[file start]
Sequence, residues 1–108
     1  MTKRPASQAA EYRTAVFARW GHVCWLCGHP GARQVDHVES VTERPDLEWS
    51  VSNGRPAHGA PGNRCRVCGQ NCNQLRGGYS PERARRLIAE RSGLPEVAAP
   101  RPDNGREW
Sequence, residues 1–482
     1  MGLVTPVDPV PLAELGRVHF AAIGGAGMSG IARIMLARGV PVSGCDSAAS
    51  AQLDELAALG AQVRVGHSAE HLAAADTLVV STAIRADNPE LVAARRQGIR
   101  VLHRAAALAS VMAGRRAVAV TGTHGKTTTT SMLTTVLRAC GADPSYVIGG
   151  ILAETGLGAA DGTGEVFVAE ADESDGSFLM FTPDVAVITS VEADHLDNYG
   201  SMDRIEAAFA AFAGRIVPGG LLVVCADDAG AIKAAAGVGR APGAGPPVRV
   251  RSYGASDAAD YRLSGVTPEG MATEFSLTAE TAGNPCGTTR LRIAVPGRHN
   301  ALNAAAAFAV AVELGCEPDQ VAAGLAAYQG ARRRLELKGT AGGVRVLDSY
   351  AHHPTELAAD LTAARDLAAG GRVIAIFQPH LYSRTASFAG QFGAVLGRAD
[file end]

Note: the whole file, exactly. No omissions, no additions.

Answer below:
Sequence, residues 1–108
     1  MTKRPASQAA EYRTAVFARW GHVCWLCGHP GARQVDHVES VTERPDLEWS
    51  VSNGRPAHGA PGNRCRVCGQ NCNQLRGGYS PERARRLIAE RSGLPEVAAP
   101  RPDNGREW
Sequence, residues 1–482
     1  MGLVTPVDPV PLAELGRVHF AAIGGAGMSG IARIMLARGV PVSGCDSAAS
    51  AQLDELAALG AQVRVGHSAE HLAAADTLVV STAIRADNPE LVAARRQGIR
   101  VLHRAAALAS VMAGRRAVAV TGTHGKTTTT SMLTTVLRAC GADPSYVIGG
   151  ILAETGLGAA DGTGEVFVAE ADESDGSFLM FTPDVAVITS VEADHLDNYG
   201  SMDRIEAAFA AFAGRIVPGG LLVVCADDAG AIKAAAGVGR APGAGPPVRV
   251  RSYGASDAAD YRLSGVTPEG MATEFSLTAE TAGNPCGTTR LRIAVPGRHN
   301  ALNAAAAFAV AVELGCEPDQ VAAGLAAYQG ARRRLELKGT AGGVRVLDSY
   351  AHHPTELAAD LTAARDLAAG GRVIAIFQPH LYSRTASFAG QFGAVLGRAD